The budget deliberation process reveals both the cost of the basic daily operations of the facilities and educational services as well as the cost of maintaining excellence in teaching and learning. Public education is a community responsibility that benefits the community. Our economy depends on the education of our youth to contribute civically and economically to our communities. However, every year more is expected of teachers and school systems. There is more to know than ever. For example, we aspire to educate every child, not just the average child. We educate to compete effectively in the world, not just in our local economy.

At the same time it has been increasingly difficult to ensure the financial means to achieve these increasing expectations and mandates.  All Town departments collaborate to provide taxpayers with the level of service they have come to expect, while at the same time responsibly managing the tax burden. But as the single largest cost center in Weston, the Schools have a special responsibility to consider its growing spending needs within the context of the financial constraints of the entire community.

Town Meeting Vote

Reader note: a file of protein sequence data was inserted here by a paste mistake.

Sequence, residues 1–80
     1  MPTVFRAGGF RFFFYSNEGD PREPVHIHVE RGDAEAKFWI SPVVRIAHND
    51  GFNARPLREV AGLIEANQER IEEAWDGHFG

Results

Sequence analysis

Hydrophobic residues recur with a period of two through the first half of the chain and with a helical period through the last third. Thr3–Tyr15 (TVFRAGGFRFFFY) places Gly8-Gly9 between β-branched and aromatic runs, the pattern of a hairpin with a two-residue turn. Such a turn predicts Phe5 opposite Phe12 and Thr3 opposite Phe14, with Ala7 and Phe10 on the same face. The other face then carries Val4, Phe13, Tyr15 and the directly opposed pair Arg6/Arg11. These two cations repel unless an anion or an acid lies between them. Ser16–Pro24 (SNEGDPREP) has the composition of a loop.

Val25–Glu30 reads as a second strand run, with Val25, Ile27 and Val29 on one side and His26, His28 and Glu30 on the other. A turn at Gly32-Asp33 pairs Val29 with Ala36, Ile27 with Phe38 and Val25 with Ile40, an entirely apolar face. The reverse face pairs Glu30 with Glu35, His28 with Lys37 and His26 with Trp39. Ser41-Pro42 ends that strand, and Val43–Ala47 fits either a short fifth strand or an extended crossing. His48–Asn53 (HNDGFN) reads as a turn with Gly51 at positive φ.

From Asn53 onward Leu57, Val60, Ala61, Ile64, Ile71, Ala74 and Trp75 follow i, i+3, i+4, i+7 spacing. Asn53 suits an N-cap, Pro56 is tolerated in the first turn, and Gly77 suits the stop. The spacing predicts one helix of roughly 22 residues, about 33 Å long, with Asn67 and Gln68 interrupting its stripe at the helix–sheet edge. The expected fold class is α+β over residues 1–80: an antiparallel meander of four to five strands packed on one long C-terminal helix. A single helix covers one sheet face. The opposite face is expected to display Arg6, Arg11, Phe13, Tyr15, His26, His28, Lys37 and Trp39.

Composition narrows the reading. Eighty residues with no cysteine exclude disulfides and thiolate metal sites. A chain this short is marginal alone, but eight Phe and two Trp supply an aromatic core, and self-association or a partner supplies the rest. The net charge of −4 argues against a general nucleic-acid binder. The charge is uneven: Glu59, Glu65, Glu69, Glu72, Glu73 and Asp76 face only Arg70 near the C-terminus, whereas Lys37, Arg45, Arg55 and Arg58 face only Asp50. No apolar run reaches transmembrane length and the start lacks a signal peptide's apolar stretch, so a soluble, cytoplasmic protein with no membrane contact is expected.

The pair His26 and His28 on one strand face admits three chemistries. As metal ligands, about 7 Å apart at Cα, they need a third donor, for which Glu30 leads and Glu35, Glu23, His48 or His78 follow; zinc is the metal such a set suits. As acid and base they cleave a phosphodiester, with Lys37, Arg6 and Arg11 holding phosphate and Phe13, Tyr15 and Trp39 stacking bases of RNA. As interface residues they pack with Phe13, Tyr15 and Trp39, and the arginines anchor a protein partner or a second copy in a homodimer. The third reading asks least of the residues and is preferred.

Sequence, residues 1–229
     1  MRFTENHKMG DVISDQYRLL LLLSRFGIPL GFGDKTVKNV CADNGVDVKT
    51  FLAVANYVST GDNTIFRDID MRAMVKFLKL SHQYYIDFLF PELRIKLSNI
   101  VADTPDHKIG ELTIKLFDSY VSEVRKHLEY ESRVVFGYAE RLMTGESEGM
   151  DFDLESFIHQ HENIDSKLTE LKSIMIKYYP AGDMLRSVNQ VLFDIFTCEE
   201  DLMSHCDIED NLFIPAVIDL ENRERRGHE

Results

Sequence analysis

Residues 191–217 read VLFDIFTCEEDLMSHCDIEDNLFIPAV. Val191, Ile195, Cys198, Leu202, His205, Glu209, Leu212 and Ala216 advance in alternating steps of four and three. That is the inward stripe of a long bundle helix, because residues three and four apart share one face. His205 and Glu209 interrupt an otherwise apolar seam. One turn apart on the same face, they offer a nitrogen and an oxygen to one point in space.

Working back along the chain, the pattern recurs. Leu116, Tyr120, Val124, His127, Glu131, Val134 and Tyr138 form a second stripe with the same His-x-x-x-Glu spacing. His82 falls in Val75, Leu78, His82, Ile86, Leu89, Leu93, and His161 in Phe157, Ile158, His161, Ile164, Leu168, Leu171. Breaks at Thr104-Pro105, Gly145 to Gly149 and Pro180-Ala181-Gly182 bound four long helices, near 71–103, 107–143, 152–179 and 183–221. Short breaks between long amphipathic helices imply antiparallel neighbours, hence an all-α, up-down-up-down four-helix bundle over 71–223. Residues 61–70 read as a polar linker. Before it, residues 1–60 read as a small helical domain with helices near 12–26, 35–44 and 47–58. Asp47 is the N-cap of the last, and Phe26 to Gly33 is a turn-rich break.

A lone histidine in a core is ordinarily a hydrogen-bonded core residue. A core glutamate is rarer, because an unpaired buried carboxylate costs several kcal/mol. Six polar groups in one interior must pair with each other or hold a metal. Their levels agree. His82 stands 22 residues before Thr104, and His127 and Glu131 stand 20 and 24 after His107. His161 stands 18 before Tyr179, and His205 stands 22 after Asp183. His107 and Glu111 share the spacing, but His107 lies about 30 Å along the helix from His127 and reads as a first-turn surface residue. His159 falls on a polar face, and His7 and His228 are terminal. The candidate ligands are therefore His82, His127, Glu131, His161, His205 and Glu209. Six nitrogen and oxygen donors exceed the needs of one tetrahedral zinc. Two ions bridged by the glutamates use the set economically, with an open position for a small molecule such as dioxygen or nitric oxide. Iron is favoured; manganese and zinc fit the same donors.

A Town Budget Hearing is held on the first Monday in May to present the Recommended Operating Budget, to hear the perspective of the Finance Committee, and to answer questions from the public. Override and debt exclusion recommendations must first gain a majority vote at the ballot box on the Saturday before Town Meeting. Then the budget, override recommendation, and other fiscal matters are debated and voted on at the Annual Town Meeting on the second Monday of May.

Town Government 101

1. Introduction: Weston Population and Voters

Our town government is run by a small proportion of the town’s residents. Thus, those who get involved can have a strong voice and a major impact in how the town is run and what becomes of the town.

Over the past eleven years, the share of Weston’s school aged population has decreased while the elderly populations have increased.

2009 2020 vs. 2009
Total Weston Population 11,166 11,283 +1.4%
Age: 17 and Under 2,971 2,442 -21.6%
Age: 18 – 34 1,733 2,224 +28.3%
Age: 35 – 59 3,858 3,648 -5.7%
Age: 60 and Over 2,604 2,964 +13.8%
Total Dwellings 3,589 3,676 +2.42%
Registered Voters 7,742 8,033 +3.76%
School Membership 2,349 2,039 -15.2%

Source: Town of Weston Town Report Introduction, October 2020.

2. Structure of Town Government: Who Runs the Town?

Local politics in Weston are nonpartisan. Voters run the town by:

  • Electing town officials
  • Voting on the annual town budget and warrant issues in Town Elections and Town Meeting, and
  • Serving on Town committees.

Who is elected and what do they do?

Board of Selectmen: Three members are elected to serve on the board as the chief executives of the Town. They hire the Town Manager, who serves as the chief operating officer of the Town. The board presents an annual town budget for voters to approve, appoints members to several town committees, including the Zoning Board of Appeals; Council on Aging; Historical Commission; Housing Needs Committee; Conservation Commission.